Now the original design called for a half inch in between and I just find that the closer you can get these the tighter everything is going to be. Of course it takes a little more cordage, but it just works out real nice.
Now as far as how much slack to pull out of there, just enough. You donít want to go too far, itíll start deforming, but if itís too loose, itíll be loose and your whole pouch with be sloppy.
Now weíre going to come through the other side right next to that, and again just do the opposite. We came out over, weíre going to start under, and just do every other.
Again Iím sure you guys with straight fids can really see where a curved fid gives you a big advantage on a project like this. When these weaves start to get really tight, you can actually switch around and move further out when youíre doing them, because it gets harder as you go.
All right. Basically thatís what youíre going to do each time. You can see how much I have this bottle pushed in by the time I was done there. Thatís why I like these. They really, really can take the flexing and beating and pop right back out into shape.
Now the setup that Iím using, if you end up using a similar setup, is using this for the slack right now, and when these get really, really tight and the whole bottleís caving in, thatís when Iíll take that out, and it will be loose again for a couple rows, and then it will tighten right back up again.
As you can see Iím going to take this every time and push these as close as I can and keep them all as nice and straight as I can. As you do it as you go along, you end up with real nice turnout. You can see there Iíve got some slack. I want that out but not deformed, right about there. All right, then just do it all over again.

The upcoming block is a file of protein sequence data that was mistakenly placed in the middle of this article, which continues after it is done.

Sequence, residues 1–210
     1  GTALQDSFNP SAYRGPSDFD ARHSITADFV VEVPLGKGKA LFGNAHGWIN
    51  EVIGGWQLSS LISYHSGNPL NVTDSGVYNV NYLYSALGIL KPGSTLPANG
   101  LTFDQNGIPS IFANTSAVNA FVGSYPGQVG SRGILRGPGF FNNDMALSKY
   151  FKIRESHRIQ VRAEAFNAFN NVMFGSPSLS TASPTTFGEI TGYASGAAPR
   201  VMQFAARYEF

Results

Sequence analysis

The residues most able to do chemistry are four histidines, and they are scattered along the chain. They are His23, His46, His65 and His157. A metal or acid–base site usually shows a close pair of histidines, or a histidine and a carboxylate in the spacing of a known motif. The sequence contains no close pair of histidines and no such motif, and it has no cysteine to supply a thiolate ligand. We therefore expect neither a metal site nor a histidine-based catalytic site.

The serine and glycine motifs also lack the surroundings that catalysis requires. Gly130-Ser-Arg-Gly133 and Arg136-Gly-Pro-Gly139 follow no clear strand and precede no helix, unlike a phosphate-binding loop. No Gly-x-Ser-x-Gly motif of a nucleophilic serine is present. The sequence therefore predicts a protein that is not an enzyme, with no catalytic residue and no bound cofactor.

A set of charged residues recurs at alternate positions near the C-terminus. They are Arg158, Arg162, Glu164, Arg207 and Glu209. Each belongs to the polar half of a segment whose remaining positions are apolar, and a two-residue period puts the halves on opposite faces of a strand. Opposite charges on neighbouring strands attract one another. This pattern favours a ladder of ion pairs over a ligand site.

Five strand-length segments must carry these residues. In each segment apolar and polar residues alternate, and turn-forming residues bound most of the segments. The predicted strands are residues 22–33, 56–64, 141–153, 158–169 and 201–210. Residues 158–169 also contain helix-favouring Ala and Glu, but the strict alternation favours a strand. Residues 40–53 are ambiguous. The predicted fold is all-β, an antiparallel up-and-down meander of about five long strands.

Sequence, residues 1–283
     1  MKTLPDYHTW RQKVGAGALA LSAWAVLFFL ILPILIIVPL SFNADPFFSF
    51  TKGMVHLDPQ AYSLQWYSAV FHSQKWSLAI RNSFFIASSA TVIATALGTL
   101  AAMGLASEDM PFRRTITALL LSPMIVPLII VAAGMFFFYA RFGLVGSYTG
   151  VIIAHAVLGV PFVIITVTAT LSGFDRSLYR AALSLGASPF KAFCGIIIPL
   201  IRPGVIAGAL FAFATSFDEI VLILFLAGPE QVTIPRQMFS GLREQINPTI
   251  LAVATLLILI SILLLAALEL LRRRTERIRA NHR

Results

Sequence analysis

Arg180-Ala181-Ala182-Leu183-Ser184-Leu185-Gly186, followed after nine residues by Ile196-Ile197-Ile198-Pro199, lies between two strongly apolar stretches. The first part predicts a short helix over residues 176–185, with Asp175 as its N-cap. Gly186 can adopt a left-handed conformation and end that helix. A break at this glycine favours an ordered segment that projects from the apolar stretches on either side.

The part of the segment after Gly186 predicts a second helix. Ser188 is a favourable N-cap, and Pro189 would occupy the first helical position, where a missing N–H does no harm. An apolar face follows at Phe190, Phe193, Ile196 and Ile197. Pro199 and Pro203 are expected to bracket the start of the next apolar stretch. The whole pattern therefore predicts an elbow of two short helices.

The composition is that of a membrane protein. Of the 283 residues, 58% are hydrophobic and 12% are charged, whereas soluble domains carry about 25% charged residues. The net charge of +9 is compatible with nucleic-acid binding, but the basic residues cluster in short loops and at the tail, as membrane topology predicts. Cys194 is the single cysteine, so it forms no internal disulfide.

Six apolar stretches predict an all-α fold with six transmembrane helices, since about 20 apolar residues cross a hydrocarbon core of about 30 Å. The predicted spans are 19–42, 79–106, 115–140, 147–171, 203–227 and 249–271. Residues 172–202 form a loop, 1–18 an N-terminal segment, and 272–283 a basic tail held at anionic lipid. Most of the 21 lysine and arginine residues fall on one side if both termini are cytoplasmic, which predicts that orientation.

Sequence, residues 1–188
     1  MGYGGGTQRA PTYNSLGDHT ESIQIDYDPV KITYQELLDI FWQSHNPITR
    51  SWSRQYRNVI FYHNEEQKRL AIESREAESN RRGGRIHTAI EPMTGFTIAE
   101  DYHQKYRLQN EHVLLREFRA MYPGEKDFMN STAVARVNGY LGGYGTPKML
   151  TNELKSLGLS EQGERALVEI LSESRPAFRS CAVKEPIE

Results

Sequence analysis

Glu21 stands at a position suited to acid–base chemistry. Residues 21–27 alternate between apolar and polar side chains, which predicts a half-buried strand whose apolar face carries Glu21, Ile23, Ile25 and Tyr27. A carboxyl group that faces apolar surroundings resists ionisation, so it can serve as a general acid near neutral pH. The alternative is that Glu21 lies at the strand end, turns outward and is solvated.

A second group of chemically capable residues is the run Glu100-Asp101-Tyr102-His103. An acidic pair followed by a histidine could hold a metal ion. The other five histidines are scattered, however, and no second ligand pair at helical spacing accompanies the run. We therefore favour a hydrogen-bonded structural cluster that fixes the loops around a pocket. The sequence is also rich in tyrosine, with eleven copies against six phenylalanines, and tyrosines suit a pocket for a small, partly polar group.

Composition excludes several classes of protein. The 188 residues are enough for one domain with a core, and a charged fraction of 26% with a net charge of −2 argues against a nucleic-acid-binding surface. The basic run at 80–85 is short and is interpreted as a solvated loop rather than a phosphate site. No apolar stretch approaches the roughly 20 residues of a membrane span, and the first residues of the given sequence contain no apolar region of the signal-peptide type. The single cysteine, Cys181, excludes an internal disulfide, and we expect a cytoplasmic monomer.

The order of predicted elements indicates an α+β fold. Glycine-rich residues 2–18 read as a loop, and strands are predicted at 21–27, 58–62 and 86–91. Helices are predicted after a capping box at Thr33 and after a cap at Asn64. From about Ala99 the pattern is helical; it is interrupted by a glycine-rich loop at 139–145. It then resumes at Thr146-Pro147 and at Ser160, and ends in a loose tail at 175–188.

I came out under, Iím going to go over. This time itís starting to get tight over there, Iím going to a little bit further away.
Just start in with your weaving, and guys really enjoying this paracord, that the paracord store was nice enough to send out for me. Cheap paracord with a project like this, I donít know if you can even do it with that cheap stuff or not. It really twists a lot worse when youíre tying it, and lays really flat and ugly. If you donít have good quality cordage guys, get over there and hit them up.
Pulling all that slack out. If you guys have done this before, you can see there, this stuff is just really nice because it does not twist too badly and Iím not getting all kinds of knots every time. Again thatís partly because I lay it down right, but with cheap paracord you just get twists nonstop.
Just keep all these lines nice and even. Look at each line every time. Push it over as closely as you can, basically. You can start to see what kind of pattern weíre going to have, and Iím going to pull that slack just enough up at the top. Not too much. All right.
Now same thing over here. Youíre going to do the opposite. Basically weíve been through four lines, youíre just going to keep doing that guys, until this thing starts caving in on you and pull that out. When I get to that point Iím going to come back for video three, which should be the final in the video Ö unless there could possibly be a part four.
Thanks for watching guys. Hope everybody is figuring this out. If you have any questions at all definitely get at me. Thanks for watching guys, stay tuned.